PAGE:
I can't help but think that if local authorities were sincere about improving air quality, they'd be expanding P&R facilities before implementing Clear Air Zones, which are the coming thing nowadays. CAZ = you pay to drive into them, just like a congestion charge. There are 4 classes of zone, A, B, C and D. As a car driver if the zone is a D, you pay. A, B and C are only for busses, HGVs and the like.

An expanded P&R is only an area of blacktop, very cheap in comparison to the signing, cameras and back office shenanigans that a CAZ scheme will require. But there again a CAZ directly generates income for a local authority, so is obviously preferable to their bottom line over a P&R which generates no income. Cynical? Moi?

Yet another tax on the motorist. Coming soon to a city near you.

https://assets.publishing.service.g...data/file/612592/clean-air-zone-framework.pdf

Clean air zone framework for England: Annex B and Annex C - a Freedom of Information request to Department for Environment, Food and Rural Affairs
I don't believe LAs are sincere about air quality, but they do like road and parking revenues, not least tourist taxis. Consequences of austerity gone mad, and cash strapped councils?
 
I'm not sure it would have done.

However, taking a much longer term view of critical infrastructure might have seen them kept open - the petrol / diesel car although an epoch, is coming to an end with climate change.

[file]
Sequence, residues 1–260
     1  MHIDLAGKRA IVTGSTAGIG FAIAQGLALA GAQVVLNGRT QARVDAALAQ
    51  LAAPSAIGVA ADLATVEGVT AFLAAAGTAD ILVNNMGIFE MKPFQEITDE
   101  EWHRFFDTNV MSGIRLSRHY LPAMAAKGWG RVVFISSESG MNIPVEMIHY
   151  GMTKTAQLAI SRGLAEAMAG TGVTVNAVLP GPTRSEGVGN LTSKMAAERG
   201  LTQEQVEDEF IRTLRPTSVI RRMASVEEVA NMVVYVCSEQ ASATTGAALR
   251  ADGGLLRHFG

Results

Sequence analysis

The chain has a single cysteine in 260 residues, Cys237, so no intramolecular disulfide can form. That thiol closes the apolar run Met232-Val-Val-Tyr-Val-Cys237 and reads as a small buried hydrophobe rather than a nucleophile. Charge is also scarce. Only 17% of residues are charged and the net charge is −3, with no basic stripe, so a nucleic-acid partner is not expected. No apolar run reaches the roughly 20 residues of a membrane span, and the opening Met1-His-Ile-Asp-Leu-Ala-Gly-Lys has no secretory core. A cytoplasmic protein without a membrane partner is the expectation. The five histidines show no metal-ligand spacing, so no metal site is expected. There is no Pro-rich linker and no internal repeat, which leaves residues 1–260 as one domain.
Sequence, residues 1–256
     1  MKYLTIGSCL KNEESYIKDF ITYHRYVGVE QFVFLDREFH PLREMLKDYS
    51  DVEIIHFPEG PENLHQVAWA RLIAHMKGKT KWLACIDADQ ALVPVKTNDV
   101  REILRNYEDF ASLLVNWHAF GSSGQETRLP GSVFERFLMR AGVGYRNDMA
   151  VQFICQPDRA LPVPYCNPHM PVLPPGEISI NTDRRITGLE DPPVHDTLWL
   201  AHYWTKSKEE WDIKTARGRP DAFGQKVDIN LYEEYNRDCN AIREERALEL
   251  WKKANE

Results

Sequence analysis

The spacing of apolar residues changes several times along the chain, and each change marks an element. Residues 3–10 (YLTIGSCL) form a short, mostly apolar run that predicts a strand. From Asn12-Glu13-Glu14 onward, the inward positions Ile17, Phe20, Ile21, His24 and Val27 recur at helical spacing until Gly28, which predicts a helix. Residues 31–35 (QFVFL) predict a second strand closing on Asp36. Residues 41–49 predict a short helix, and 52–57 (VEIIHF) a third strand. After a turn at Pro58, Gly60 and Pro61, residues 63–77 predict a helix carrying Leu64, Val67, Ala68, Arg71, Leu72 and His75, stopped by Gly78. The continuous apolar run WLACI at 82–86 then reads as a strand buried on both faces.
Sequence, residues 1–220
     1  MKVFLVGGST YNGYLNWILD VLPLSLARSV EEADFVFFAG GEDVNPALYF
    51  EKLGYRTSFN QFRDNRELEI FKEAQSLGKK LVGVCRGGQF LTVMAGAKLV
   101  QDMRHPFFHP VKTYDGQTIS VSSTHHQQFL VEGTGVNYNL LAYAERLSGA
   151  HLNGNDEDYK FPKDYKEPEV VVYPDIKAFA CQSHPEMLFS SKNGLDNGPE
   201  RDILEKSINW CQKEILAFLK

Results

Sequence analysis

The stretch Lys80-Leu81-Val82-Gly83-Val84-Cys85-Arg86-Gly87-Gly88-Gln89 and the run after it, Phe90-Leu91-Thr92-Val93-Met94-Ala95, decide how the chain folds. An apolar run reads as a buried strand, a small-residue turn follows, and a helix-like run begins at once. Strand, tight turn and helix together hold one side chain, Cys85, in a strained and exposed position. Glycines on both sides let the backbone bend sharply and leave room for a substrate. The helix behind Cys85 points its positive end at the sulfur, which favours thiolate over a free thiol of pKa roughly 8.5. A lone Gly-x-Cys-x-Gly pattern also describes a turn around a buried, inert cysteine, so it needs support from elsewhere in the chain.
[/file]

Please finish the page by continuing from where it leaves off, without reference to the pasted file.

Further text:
Certainly in London within first the north/south circular road, then within the M25 as various congestion charges are levelled against non-compliant vehicles. Then workplace parking charges are on the horizon.

Local councils in London are also introducing additional charges for residential permits, etc. Non-compliant vehicles again in their sights.
 

MrBane

LE
Moderator
Kit Reviewer
Reviews Editor
Loads of chat about buses, but they're only viable because of heavy subsidy from councils. F Glasgow has had an excellent service for the last twenty odd years, but recently subsidies have been slashed by councils and routes are being scrapped by operators as no longer viable.

So there needs to be a complete re think.
 
Loads of chat about buses, but they're only viable because of heavy subsidy from councils. F Glasgow has had an excellent service for the last twenty odd years, but recently subsidies have been slashed by councils and routes are being scrapped by operators as no longer viable.

So there needs to be a complete re think.
Post buses used to be an option in rural parts of the UK but with one delivery and one collection, not really practical for commuting.